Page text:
A new approach developed by Harvard Medical School researchers uses yeast to rapidly evolve synthetic antibody fragments called nanobodies with the aim to find variants that are effective at binding to selected antigens, including SARS-CoV-2. The antibodies are intended for use in diagnostic tests and disease treatments. Read the full story: https://hms.harvard.edu/news/antibody…
The latest issue of Harvard Design Magazine reveals full redesign and new editorial model as it assesses the establishment, and reconsideration, of the paradigm of “America”.
Harvard Design Magazine 48: America marks a turning point for the magazine as the first issue under new editorial director Julie Cirelli, featuring Mark Lee and Florencia Rodriguez as guest editors. This issue also debuts a full redesign by Alexis Mark, the Copenhagen-based graphic design firm. Publishing this month, the issue gathers contributions from leading figures across the fields of architecture, design, urban planning, fashion, art, and governance, including Maurice Cox, Shaun Donovan, Michèle Lamy, Sylvia Lavin, and Marc Norman. Join Lee, Rodriguez, and Norman, alongside contributors Paul Andersen, Neeraj Bhatia, and Maite Borjabad Lòpez-Pastor, for a virtual launch event next Tuesday, March 23, 7:30pm ET.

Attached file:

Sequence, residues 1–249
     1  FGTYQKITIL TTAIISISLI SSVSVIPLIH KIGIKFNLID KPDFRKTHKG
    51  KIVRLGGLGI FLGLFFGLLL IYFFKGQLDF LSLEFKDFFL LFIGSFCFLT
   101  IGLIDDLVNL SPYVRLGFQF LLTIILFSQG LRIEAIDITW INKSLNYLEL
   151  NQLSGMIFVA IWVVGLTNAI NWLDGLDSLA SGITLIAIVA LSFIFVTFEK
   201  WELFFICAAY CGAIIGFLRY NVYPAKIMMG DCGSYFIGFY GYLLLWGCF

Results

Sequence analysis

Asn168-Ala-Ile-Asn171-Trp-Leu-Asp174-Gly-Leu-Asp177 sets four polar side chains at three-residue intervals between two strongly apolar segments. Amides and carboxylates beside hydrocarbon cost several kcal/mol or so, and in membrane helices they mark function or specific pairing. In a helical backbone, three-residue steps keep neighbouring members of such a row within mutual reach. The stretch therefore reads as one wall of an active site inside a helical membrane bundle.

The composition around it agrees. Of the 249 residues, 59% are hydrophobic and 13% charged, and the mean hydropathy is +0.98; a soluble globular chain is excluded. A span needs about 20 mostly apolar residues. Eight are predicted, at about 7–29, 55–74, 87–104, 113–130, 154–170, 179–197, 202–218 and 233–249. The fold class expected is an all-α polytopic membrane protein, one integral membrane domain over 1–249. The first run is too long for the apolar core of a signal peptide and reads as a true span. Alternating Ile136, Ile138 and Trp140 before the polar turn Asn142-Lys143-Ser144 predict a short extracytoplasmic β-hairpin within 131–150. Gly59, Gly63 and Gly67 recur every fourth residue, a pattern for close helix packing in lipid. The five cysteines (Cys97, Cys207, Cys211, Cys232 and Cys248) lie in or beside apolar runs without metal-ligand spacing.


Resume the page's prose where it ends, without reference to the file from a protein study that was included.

Harvard Design Magazine 48: America reflects on the theme and definition of “America” through lenses of cultural production, racial justice, and architectural and design practice. In the 20th century, a paradigm of America characterized by progress, openness, and democracy was perpetuated—but with an ominous underbelly of exclusion, racism, and inequity left unexamined. While viewpoints on America’s story and history differ, if not reject one other, what is widely shared is a sense of 2020 as a breaking point—or, “a consciousness of an imminent existential threshold,” as write Lee and Rodriguez.
Milk is an optional part of a healthy diet for most adults, and may even be harmful if consumed excessively.
Imagine a robot trained to think, respond, and behave using you as a model. Now imagine it assuming one of your roles in life, at home or perhaps at work. Would you trust it to do the right thing in a morally fraught situation?
That’s a question worth pondering as artificial intelligence increasingly becomes part of our everyday lives, from helping us navigate city streets to selecting a movie or song we might enjoy — services that have gotten more use in this era of social distancing. It’s playing an even larger cultural role with its use in systems for elections, policing, and health care.